U.S. home prices continued to increase in February, when the economy was still gaining momentum and the coronavirus pandemic was just beginning to reach our shores.
According to the S&P CoreLogic Case-Shiller home price index, home prices increased 0.5% on a seasonally adjusted basis in February compared with January.
The index’s 10-city and 20-city composites each posted a 0.4% month-over-month increase.
Year-over-year, home prices were up 4.2% compared with February 2019.
The 10-city composite saw home prices increase 2.9%, year-over-year, while the 20-city composite posted a 3.5% year-over-year gain.
Phoenix, Seattle, Tampa and Charlotte reported the highest year-over-year gains among the 20 cities. Phoenix led the way with a 7.5% year-over-year price increase, followed by Seattle at 6.0% and Tampa and Charlotte each with 5.2% increases.
“The stable growth pattern established in the last half of 2019 continued into February,” says Craig J. Lazzara, managing director and global head of index investment strategy at S&P Dow Jones Indices, in a statement. “The National Composite Index rose by 4.2 percent in February 2020, and the 10- and 20-City Composites also advanced (by 2.9 percent and 3.5 percent, respectively).
“Results for the month were broad-based, with gains in every city in our 20-city composite – 17 of the 20 cities saw accelerating prices,” Lazzara adds. “The national, 10-city, and 20-city composites all rose at a faster rate in February than they had in January.
“At a regional level, Phoenix retains the top spot for the ninth consecutive month, with a gain of 7.5 percent for February,” Lazzara says. “Home prices in Seattle rose by 6.0 percent, with Tampa and Charlotte prices both gaining 5.2 percent. Prices were particularly strong in the West and Southeast, and comparatively weak in the Midwest and Northeast.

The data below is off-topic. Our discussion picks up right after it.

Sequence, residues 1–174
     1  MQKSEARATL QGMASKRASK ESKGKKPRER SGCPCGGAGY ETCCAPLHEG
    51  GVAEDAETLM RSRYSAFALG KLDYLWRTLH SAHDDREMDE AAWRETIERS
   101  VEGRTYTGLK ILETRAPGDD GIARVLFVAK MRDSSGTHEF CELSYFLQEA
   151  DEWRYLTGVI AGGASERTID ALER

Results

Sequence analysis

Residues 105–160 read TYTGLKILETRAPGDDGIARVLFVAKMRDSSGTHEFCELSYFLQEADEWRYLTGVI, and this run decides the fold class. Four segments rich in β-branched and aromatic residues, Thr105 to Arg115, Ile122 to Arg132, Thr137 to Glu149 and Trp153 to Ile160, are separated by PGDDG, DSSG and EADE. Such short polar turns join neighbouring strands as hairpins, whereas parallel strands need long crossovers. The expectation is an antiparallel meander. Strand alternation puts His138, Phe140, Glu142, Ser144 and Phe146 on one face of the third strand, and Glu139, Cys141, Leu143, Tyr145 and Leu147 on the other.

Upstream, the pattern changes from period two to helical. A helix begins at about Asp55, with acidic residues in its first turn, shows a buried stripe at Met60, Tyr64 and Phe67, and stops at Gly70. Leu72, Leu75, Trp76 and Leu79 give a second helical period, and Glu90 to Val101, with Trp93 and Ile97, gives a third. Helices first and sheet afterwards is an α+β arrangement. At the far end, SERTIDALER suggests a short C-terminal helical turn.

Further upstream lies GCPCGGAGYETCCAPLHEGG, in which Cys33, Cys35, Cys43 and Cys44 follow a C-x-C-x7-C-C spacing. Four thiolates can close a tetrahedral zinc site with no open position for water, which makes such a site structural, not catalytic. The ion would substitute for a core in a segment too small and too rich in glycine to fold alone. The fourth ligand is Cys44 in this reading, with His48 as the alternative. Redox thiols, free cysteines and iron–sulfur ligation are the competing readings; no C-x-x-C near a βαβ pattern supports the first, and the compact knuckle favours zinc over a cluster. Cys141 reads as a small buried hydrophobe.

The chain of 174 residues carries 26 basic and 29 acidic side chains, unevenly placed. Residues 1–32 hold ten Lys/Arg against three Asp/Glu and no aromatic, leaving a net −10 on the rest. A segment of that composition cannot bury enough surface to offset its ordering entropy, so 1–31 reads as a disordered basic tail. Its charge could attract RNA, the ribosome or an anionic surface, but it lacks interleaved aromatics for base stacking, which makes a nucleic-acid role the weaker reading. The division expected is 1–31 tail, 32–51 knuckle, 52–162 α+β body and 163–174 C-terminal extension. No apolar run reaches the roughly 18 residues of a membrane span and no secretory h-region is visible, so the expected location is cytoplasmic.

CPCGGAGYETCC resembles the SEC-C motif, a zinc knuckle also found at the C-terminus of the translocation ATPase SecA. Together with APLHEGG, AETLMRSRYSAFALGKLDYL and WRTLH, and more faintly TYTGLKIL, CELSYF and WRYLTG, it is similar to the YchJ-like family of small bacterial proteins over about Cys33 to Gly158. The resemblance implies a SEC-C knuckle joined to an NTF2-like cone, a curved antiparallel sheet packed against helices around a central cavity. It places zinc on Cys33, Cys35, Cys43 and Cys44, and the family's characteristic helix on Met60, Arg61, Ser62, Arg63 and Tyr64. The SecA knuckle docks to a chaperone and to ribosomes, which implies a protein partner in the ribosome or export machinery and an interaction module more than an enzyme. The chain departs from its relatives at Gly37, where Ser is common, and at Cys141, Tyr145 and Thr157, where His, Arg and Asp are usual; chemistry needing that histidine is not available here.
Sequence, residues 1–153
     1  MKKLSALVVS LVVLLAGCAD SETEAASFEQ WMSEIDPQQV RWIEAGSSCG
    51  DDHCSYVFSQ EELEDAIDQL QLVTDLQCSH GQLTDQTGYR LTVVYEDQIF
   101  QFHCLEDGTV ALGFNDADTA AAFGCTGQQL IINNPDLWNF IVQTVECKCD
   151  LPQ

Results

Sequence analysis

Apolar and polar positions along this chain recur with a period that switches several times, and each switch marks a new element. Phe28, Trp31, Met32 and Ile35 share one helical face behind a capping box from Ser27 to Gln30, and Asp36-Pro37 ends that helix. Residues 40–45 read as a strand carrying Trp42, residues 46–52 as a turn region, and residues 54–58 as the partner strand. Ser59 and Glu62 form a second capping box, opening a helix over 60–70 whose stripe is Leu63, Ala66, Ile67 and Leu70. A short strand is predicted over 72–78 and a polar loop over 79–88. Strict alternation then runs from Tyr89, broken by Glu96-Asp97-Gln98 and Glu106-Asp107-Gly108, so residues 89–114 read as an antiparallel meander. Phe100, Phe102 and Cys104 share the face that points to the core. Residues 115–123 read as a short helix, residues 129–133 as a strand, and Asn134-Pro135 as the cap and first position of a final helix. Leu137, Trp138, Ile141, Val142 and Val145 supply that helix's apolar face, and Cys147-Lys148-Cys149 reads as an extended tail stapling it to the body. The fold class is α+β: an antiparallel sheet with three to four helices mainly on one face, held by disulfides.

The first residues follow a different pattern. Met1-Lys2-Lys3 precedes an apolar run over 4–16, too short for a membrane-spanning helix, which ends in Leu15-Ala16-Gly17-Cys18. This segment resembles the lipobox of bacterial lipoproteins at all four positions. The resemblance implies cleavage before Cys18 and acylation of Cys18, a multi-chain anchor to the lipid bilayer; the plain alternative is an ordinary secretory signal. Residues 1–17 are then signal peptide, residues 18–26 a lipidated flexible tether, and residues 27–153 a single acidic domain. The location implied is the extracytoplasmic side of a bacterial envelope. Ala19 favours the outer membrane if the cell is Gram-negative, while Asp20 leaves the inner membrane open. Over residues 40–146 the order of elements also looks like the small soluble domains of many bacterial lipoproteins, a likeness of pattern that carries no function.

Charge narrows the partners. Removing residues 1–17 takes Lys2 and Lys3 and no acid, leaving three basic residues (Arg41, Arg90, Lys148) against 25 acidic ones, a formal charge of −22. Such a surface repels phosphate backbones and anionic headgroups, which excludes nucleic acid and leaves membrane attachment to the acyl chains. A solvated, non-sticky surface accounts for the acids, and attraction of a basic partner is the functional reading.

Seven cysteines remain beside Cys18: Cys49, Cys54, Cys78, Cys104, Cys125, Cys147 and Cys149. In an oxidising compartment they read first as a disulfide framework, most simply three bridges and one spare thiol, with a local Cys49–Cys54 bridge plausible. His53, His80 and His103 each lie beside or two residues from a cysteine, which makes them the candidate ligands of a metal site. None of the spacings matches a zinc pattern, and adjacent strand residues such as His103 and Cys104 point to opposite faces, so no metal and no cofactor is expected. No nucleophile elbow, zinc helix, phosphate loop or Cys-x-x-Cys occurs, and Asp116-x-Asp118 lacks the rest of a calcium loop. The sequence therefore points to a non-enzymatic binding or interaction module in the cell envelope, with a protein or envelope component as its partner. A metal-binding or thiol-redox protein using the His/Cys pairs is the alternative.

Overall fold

“Importantly, today’s report covers real estate transactions closed during the month of February, and shows no signs of any adverse effect from the governmental suppression of economic activity in response to the COVID-19 pandemic,” he says. “As much of the U.S. economy was shuttered in March, next month’s data may begin to reflect the impact of these policies on the housing market.”
The big question now is how quickly the housing market will rebound once the pandemic ends.
“The Case-Shiller Indexes for February showed strong enthusiasm in the housing market prior to the COVID-10 pandemic,” says Selma Hepp, deputy chief economist for CoreLogic, in a separate statement. “Home buyers, particularly millennials, were encouraged by falling mortgage rates and a strong employment market. But, developing insights into COVID-19 impacts on the U.S. economy put some uncertainty around housing markets. Mortgage rates remain historically low and millennials are still active in the market, which suggests that while the spring home-buying season may be disappointing, there are promising fundamentals for the housing market when the economy picks up speed again.”